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Do Not Let Your Hearts be Troubled

May 24, 2011

A sermon preached on Sunday, May 22, 2011 at St. Hilary’s Episcopal Church in Ft. Myers, FL.

Easter 5A, May 22, 2011
“Do Not Let Your Hearts Be Troubled”
St. Hilary’s Episcopal Church
Fort Myers, FL
Acts 7: 55-60   •   Psalm 31: 1-5, 15-16   •   1 Peter 2: 2-10   •   John 14: 1-14

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Well, we made it to Sunday and it doesn’t appear as if Judgment Day has occurred as a certain pastor out West predicted would happen last night.  I, for one, was going to be somewhat upset if it had, because today is my birthday and if Judgment Day happened one day before my 30th birthday and 4 days before my grandmother’s 90th birthday, I would have to do some grumbling about us getting the short end of the stick!

For a while now, and I’m sure most of you have heard about this already one way or another, this pastor out in California has been proclaiming a message that on May 21, 2011, at around 6pm, God’s Judgment Day will begin.  If he hasn’t succeeded in convincing the whole of the Christian church that he’s right, he certainly has succeeded in one thing: getting a lot of people worked up and anxious.  What will Judgment Day be like?  Will I be spared?  Will it be terrible and scary?  What should I do?  What about my family?  And into the midst of that anxiety, fear, and desperation, our Gospel lesson this week speaks an incredibly powerful word, “Do not let your hearts be troubled.”  “Do not let your hearts be troubled.”  And like a deep exhale, we should all feel a sense of calm and comfort presiding over us, stripping away whatever anxiety we may or may not have had surrounding these troubling pronouncements.

I never for a second believed that what this pastor was proclaiming was true, and I didn’t believe it for a great many reasons, but I’m not going to go through all of those with you today.  I’m sure you have been able to reach your own conclusions.  I do, however, want to go over two of the reasons, but before I do that, I need to say this: we should not denigrate the pastor who made these proclamations.  In the spirit of Christian charity, we should give him the benefit of the doubt that he was doing only what he believed and thought best, however misguided it was.  It does absolutely no good to decry his name.  That only serves to separate him and his congregation further from the Christian fold; division was never a goal of the mission and ministry of our Lord Jesus Christ.  Certainly his words have caused a great deal of stress and complication in many people’s lives, especially financially, not the least of which in the lives of his congregation members.  And, he needs to be held accountable for that.  But we should seek, if anything, to bring them back to the flock, not drive them away even more.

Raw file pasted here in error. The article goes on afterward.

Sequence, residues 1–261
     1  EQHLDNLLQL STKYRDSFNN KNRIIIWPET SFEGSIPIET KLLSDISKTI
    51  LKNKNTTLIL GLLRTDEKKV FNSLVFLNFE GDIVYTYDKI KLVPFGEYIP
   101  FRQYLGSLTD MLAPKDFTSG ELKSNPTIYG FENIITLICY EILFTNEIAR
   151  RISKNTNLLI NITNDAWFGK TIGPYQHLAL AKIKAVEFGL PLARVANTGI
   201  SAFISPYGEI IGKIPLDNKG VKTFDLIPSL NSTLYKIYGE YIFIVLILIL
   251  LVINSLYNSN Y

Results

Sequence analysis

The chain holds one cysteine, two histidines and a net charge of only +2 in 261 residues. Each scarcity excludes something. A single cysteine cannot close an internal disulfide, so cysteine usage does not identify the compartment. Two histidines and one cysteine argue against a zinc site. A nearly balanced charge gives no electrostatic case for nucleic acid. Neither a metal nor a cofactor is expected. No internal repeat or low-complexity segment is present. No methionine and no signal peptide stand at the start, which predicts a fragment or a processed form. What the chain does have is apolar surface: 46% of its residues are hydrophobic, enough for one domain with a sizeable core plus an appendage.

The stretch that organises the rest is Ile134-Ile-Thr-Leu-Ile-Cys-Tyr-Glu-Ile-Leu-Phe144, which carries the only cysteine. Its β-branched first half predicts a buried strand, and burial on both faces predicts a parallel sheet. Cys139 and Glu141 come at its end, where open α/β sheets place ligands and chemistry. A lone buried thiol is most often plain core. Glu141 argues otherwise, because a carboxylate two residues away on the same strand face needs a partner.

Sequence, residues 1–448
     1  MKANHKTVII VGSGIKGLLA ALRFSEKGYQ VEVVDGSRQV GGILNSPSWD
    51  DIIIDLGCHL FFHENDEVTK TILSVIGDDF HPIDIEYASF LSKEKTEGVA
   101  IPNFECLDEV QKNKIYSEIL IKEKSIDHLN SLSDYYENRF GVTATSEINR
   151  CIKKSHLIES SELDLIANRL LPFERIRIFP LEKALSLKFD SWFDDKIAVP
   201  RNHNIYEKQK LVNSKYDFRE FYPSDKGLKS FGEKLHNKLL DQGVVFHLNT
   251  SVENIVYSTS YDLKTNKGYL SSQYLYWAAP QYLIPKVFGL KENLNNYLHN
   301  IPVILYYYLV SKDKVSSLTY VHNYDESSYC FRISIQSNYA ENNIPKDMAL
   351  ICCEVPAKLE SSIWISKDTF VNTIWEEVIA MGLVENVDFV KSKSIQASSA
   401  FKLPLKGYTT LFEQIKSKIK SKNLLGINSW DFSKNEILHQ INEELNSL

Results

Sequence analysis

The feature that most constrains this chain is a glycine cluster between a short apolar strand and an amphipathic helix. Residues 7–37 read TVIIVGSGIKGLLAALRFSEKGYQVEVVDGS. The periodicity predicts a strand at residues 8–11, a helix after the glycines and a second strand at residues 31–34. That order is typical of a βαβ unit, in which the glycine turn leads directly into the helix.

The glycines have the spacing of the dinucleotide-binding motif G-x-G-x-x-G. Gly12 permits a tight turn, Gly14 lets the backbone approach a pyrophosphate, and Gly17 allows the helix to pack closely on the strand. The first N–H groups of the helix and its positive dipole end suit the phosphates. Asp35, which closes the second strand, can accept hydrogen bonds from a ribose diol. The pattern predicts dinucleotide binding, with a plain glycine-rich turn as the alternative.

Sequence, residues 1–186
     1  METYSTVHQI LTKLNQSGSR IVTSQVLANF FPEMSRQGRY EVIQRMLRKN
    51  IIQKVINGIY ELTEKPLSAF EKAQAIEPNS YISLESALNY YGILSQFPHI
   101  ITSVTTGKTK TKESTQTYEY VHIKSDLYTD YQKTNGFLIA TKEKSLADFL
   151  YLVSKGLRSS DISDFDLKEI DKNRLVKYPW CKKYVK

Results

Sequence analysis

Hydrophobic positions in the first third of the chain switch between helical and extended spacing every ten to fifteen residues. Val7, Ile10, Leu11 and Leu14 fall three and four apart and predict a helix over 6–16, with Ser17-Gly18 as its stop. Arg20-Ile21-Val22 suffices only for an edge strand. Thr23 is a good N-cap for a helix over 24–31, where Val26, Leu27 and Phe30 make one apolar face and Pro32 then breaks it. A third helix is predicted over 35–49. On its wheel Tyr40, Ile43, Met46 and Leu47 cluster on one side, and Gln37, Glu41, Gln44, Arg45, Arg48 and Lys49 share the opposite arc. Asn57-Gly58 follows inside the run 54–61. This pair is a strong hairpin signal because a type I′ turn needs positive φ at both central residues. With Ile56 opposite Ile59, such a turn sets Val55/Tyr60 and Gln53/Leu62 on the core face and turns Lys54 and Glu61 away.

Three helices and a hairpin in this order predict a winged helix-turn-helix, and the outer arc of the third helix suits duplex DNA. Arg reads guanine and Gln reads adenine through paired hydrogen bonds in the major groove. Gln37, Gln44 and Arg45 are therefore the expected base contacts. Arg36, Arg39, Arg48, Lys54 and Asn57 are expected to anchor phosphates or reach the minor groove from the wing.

Ok, that being said, let’s get into it.  The first reason I want to mention to you is the simpler of the two and in a way, I have already said it.  The Gospel of Jesus Christ is not a Gospel of fear and anxiety, but a Gospel of love and peace.  Certainly there are parts in the Gospel that will cause you to take a closer look at your life, that will cause you to want to come to Jesus and repent of your sins, but even in those passages, the end is always an end of hope, of restoration, and of ultimate love.  Any proclamation of the Gospel that ends in fear, anxiety, hopelessness, and loss is a proclamation that misses the ultimate point.  We hear this clearly in one of the more famous of Gospel passages, John 3: 16, “For God so loved the world that he gave his only begotten Son, that whoever believed in him would not die but have everlasting life.”  But it is the unfortunately lesser quoted verse 17 that really drives home the point, “For God did not send his son into the world to condemn the world, but that the whole world might be saved through him.”  And, of course, later in that same Gospel we come to today’s passage, “Do not let your hearts be troubled.”